An Omaha hospital is seeing a troubling pattern this summer. From June 5th to the 21st, five children involved in near drowning were admitted at Children’s Hospital and Medical Center. Unfortunately one of the children died and Trauma Nurse Coordinator Lisa Reichter says there is a long summer ahead and parents, grandparents, older siblings and babysitters need to know the importance of keeping children away from any standing water.
“Anytime you have more than an inch of water, you can really run into some safety issues and you have to make sure you are watching them closely. The other concern that we have had around here with all the rain, any outside buckets you have, any wading pools you have, anything you have that can collect water is a concern and you want to make sure you are watching children and emptying out that water when they are in those areas.”
Reichter says it is important to teach even young children never to go near or in water without an adult nearby and make sure your child knows how to swim.
“The American Academy of Pediatrics now recommends swimming lessons for all children four years old and older. They really recommend that that getting them started earlier is one of the biggest ways to teach them about the importance of knowing how to swim and being safe around water.”
Just this year, the Academy agreed that lessons as early as age one can be beneficial. (If a parent or guardian can’t swim, this is also a good opportunity to learn how as well.) If swimming lessons are not an option, teach children how to tread water, float and stay near the edge of the pool or shore of a lake.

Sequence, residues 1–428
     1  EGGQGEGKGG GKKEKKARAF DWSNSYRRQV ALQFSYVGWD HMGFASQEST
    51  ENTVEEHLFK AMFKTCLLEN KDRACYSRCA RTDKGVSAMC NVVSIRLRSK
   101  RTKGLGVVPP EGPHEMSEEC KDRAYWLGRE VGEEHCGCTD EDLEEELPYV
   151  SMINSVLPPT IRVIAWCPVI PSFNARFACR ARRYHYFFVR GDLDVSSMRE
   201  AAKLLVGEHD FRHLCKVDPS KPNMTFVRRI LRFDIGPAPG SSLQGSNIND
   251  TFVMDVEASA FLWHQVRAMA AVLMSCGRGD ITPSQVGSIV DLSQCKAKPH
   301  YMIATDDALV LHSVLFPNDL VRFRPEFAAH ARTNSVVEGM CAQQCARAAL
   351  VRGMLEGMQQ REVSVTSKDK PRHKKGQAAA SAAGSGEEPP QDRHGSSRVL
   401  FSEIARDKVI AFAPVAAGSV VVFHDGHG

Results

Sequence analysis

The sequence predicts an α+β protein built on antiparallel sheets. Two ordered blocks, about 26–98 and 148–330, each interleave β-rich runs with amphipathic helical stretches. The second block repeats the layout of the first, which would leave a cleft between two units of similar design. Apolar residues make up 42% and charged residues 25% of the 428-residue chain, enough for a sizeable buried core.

Reichter says you can not rely on floating devises.
“Even if you have them in the little water wings or the inflatable toys, if your child can’t swim you still need to keep them within an arms reach and please don’t rely on those water wings when they may not actually save your child in a situation where their head may go under water.”
There was a case just last week in Cass County where a 15 year old boy drowned in a quarry lake. Reichter says teenage boys and water don’t mix well either.
“Teenage boys are just as much at risk as little kids because of the fact they either don’t want to admit they can’t swim or can’t swim very well and so they kind of tend to go toward those more dangerous behaviors as teenage boys so it really is a significant concern as well.”
Drowning remains the second leading cause of death for children ages one to 19. 1,100 children died to water accidents in 2006 alone.
Other tips from Children’s Hospital and Medical Center:
– Make sure your backyard pool has a four sided fence and a latch.
– Install a door alarm system to alert you if a child wanders into the pool area unsupervised.
– In the house, make sure you stay within an arm’s reach of your child while near the bathtub, toilet, spa or even cleaning bucket.
– Never leave your child for a minute during bath time.
– Drain the tub immediately after all baths.
– Learn CPR and know how to respond to all water emergencies.